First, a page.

Teeksa Photography

Photography of
Skip Schiel

A Spirit People: One View of the
Interfaith Pilgrimage of the Middle Passage

An online exhibit

All images and text copyright Skip Schiel, 2001

Like many before me traveling somewhere new, like Odysseus as he sought his way home, I searched for the truth of history-slavery and its resistance, apartheid and its end and the legacies of both in violence and poverty. The journey propelled me into a new zone of actively struggling for racial justice. For me, the Middle Passage Pilgrimage--the Middle Passage is the portion of the Atlantic slave trade from Africa to the Americas--was an avenue for traversing a treacherous landscape, with others, in prayer, supported by local communities, while my subsequent volunteered photography was a method of both giving and asking: giving to communities thru my skill, and asking they reveal to me and my camera their truths.

End result? Mystery, the book of mysteries.


An exhibit of Skip Schiel's photographs about the Interfaith Pilgrimage of the Middle Passage in the southern United States was displayed at the Birmingham Civil Rights Institute in March and April 2000. Exhibits were also held this summer (2000) in Rochester NY and Smithfield RI as part of two Quaker gatherings.

 Why I Walk

Since being raised in an all-white area of Chicago during the 1940s and l950s, I have been searching for a way to more directly engage with my own and this nation's legacy of slavery. Going to west Africa with the pilgrimage, after walking through some of the eastern and southern regions of the U.S. where slavery and reconstruction have been so generative-and where racism continues in sometimes virulent forms-will help me struggle against my own racism and find ways to help others overcome theirs. The objective: cracking through denial, comprehending the system of racism, ending it. The objective: living in the spirit that is based on respect and love.

One afternoon in the early 1950s, riding an elevated train through a Black section of Chicago, on my way home with several friends, a young Black man about my age, 12, came up to me and said, "Want to see what I have in my hand?" He quickly closed his fist around a shiny object and, before I could reply, he punched me in the mouth. I was shocked, angered, and felt I had to be tough in front of my friends, but I feared chasing him off the train into his turf. I paused, waited until the train was about to leave the station, and as the doors were closing I started my pursuit of my attacker. As I'd anticipated, the door closed, he went through, I didn't.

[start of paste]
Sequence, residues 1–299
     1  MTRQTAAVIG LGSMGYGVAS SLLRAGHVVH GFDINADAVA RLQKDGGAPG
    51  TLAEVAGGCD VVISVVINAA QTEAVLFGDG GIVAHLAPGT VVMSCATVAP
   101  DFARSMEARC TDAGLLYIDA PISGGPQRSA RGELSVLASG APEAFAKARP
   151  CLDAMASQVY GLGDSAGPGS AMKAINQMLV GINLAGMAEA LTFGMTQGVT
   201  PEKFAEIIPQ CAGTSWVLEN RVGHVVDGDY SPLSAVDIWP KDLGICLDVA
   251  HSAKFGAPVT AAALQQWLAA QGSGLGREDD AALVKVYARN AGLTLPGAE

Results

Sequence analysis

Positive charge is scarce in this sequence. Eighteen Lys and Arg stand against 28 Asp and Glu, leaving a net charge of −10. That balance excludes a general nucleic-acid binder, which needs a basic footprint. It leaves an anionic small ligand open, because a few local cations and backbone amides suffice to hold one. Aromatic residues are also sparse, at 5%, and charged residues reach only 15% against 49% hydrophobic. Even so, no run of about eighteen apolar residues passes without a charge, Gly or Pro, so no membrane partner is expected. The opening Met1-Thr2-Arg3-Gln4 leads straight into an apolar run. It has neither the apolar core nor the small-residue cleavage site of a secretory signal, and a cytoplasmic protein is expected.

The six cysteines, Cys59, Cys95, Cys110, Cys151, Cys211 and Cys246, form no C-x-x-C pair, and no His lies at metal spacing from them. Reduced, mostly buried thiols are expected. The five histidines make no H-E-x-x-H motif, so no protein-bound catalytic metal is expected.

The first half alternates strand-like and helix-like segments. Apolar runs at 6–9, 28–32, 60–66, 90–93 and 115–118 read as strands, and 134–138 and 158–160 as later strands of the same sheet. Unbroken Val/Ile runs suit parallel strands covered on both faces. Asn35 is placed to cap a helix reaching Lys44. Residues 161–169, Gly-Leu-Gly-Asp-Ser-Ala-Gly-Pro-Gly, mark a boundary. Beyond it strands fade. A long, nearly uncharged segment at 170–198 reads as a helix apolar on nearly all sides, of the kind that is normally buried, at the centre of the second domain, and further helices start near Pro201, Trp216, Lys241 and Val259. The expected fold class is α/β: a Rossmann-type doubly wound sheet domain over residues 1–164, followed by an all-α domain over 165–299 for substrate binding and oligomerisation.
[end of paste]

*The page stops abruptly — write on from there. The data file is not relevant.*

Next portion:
I lived with my anger of Black people-and with my fear. (Perhaps that Black boy did also.) Inwardly I seethed and cowered. And here I was in Chicago, as the Black community expanded, relentlessly moving south into my homeland, Chicago's South Side.

Two years after the train incident, my family, unsure of what might happen to our home's monetary value, decided to sell and move to the suburbs-we were the first of our circle to engage in "White Flight." The year was 1955, the year a young Black boy from Chicago, Emmett Till, was murdered in the south while visiting relatives, the year of Rosa Parks and the Montgomery bus boycott. I completed high school, then college, married, had two daughters, never once coming back to my old neighborhood. I remained blocked, by my own inability to overcome fear.

Now I need to go deeper, to break through another barrier: slavery and its legacy of racism, my own and that of others, societal, structural, among the Religious Society of Friends, my core community, and wider than Friends. Racism bars people from being fully human with each other. I might be able to help build a bridge by making a pilgrimage.


--Skip Schiel

 "As you come to know the seriousness of our situation-the war, the racism, the poverty of the world-you come to realize it is not going to be changed just by words or demonstrations. It's a question of risking your life, it's a question of living your life in dramatically different ways."

--Dorothy Day


Rise Up & Call Their Names, a transcript from the video This Far by Faith

This Far by Faith, a PBS video

Feet Walking, Eyes Wide Open:
A Report

More information about the Interfaith Pilgrimage of the Middle Passage

Slide shows

Other exhibits by Skip Schiel

Rent this exhibit thru the Birmingham Civil Rights Institute (if still available):
Ahmad Ward at
205-328-9696 x 234
award (at) bcri.org

About Skip Schiel

Return to the main page

To contact Skip Schiel



Teeksa Photography--Skip Schiel
9 Sacramento Street
Cambridge Massachusetts 02138-1843

(updated June 2002)